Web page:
T H E   N I H    C A T A L Y S T      J A N U A R Y  –  F E B R U A R Y  1999


On Slides and CVs

The blurb on "slide preparation" attributed to me on page 3 of the last issue (November-December 1998) is a substantial distortion of my e-mail "letter to the editor."

As you can see [in the "subject" of the e-mail–Ed.], my comment was in reference to the preparation of CVs, not slides (in reference not to the slide preparation article in The NIH Catalyst, May-June 1998, but to the CV preparation article in the September-October 1998 issue). A slide in html makes no sense! On the other hand, a brief, attractive CV on a postdoc’s web page might get her a job interview.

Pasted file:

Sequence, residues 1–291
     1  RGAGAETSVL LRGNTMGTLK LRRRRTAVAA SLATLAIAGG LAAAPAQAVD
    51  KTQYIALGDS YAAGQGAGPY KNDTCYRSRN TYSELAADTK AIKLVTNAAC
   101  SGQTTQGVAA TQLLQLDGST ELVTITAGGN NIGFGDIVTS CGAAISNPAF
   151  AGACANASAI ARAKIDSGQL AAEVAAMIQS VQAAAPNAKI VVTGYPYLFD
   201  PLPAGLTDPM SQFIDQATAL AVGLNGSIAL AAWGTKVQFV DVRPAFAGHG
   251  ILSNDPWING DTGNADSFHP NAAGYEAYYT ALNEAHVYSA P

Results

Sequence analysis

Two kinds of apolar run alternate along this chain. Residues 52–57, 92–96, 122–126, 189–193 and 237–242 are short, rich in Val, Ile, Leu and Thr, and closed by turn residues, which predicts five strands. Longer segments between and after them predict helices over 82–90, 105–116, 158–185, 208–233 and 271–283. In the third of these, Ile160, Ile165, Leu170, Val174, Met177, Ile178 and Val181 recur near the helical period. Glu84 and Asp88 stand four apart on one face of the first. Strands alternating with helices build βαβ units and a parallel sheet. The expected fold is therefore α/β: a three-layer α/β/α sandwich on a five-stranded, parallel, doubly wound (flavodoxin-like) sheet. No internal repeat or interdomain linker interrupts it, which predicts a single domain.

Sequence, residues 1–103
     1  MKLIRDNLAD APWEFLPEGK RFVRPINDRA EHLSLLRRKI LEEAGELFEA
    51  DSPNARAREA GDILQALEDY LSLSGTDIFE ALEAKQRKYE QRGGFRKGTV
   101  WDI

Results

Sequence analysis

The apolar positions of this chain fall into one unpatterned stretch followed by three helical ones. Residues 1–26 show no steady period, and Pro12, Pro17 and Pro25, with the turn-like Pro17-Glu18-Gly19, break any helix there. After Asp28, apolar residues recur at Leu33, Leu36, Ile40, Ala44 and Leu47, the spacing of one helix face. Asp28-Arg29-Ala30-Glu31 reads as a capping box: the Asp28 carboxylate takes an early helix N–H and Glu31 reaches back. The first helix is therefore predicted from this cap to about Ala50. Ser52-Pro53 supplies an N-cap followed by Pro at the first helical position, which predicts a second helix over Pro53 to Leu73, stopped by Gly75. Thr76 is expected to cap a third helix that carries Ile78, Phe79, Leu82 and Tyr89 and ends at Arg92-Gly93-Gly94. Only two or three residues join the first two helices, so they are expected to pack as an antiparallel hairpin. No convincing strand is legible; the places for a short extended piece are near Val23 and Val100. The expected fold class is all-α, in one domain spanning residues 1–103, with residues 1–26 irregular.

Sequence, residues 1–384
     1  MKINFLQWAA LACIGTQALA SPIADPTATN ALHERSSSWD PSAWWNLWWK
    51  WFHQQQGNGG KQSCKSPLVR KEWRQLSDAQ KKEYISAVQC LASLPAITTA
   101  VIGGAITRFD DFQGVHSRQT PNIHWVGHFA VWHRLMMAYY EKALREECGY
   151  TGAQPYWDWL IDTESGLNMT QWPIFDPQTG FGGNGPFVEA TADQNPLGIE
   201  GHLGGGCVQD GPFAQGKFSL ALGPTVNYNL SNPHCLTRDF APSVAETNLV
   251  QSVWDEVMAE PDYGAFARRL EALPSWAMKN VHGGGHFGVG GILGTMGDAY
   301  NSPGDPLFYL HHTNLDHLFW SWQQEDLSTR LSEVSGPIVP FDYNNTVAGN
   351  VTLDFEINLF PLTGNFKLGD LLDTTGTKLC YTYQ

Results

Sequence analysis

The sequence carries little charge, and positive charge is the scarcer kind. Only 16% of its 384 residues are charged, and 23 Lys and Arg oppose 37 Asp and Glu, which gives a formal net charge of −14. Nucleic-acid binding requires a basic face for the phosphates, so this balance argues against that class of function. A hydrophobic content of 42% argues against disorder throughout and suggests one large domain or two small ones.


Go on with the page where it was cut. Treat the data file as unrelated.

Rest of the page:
A correction would be much appreciated.

In case that you would like my view on "slide preparation," I would say: 1) make them large, that is, readable from as far away as necessary; 2) keep them sparse–your talk should be complementary to the slide’s contents, and busy slides can confuse rather than inform; 3) avoid fancy coloring, since it is often distracting or worse, invisible. (Have you seen a red curve or text in the Masur Auditorium recently?)

Thank you. Regards again.

Ray Mejia, NHLBI and NIDDK

—Sorry, Ray, when you wrote that "it is wise to prepare one in html, and make it available to appropriate services and/or requests and via a personal web page," we inexplicably decided the "one" referred to slides–didn’t even think of CVs (maybe because we’re so (unjustifiably) secure in our jobs. . . .















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